It’s good news that Sky Sports are to broadcast another WPBSA event after losing faith in the governing body six years ago.
The new Sky Shootout promises to be a fast-paced, glitzy and above all gloriously tacky affair in which snooker – so often seen by outsiders as deadly serious – will play second fiddle to entertainment.
There will be a 20-second shot-clock – with no time-outs – and frames will be adjudged to be over after 12 minutes, although it isn’t clear how exactly this will work or what would happen if, for instance, the frame scores were tied at this point.
WPBSA chairman Barry Hearn has already intimated that he wants a ‘Grim Reaper’ to accompany the losing players out of the arena and that the crowd should be encouraged to get involved.
The top 64 will all be invited, the draw will be random and prize money will double each round, meaning a top prize of £32,000, as Hearn says not bad for three days’ work.
The tournament runs from January 28-30 next year at a venue to be confirmed. A big city, possibly Manchester, is likely.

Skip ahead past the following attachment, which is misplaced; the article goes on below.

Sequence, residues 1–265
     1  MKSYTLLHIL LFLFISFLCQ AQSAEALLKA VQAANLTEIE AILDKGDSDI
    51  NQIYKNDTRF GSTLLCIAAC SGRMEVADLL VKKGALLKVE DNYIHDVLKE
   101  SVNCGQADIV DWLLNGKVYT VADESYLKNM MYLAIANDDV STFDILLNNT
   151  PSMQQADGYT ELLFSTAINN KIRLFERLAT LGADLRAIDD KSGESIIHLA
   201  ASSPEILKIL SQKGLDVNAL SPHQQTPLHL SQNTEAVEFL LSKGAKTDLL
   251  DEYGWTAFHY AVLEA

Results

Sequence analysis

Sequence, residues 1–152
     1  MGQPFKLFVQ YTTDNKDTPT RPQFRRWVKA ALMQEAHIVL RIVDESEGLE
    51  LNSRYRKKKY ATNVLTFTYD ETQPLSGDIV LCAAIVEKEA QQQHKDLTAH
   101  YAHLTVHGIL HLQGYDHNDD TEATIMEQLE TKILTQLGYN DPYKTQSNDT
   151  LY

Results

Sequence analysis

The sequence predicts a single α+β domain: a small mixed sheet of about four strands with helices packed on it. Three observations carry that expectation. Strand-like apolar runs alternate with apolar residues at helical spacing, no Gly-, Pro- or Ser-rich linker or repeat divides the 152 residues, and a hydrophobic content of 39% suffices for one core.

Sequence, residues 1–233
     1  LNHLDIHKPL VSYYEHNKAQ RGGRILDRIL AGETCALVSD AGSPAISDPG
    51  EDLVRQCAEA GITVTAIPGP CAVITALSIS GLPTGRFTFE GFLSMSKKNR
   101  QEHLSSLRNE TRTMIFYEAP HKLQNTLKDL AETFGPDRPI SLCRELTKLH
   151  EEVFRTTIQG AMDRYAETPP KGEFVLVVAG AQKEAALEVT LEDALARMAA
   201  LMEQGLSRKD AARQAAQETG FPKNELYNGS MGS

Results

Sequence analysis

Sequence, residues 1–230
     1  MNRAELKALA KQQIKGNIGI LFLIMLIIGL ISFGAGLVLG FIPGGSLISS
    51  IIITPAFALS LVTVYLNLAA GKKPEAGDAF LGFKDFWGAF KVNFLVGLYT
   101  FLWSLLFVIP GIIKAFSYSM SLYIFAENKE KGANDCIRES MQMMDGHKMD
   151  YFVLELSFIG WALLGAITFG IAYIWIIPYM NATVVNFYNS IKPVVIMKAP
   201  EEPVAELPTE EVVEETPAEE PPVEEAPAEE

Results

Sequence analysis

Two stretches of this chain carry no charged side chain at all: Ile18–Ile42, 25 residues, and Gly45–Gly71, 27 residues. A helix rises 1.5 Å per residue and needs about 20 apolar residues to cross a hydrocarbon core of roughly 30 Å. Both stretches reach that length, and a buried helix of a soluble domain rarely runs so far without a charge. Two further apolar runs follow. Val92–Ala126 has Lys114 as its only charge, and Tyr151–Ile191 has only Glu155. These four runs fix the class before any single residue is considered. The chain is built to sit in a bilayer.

Players will be able to choose their own outfits and be encouraged to project their personalities.
One frame snooker is nothing new. Pot Black brought the game to the British public’s attention in the 1970s and Darren Morgan won a one-frame knockout event in 1991, although the WPBSA bizarrely made the final a best of three.
Sky don’t want a ranking event – or at least not a lesser one – so the sport should welcome their willingness to show any snooker.
However, a 20 second shot limit was originally trialled for the Premier League and it was found that the players could not cope. Some shots require extra consideration, even for Ronnie O’Sullivan and the other fast players.
Playing ultra-quickly does not guarantee high quality snooker. In fact, it could produce quite the opposite.
However, as a spectacle there’s no doubt the new Shootout will be a fun affair.
Snooker needs a range of tournaments and formats to appeal to different audiences. Too many events look the same, feel the same and, frankly, are the same.
And if the new Shootout persuades Sky to take more snooker in the future then it will have done its job – despite the inevitable howl of protests it will bring from dyed-in-the-wool traditionalists.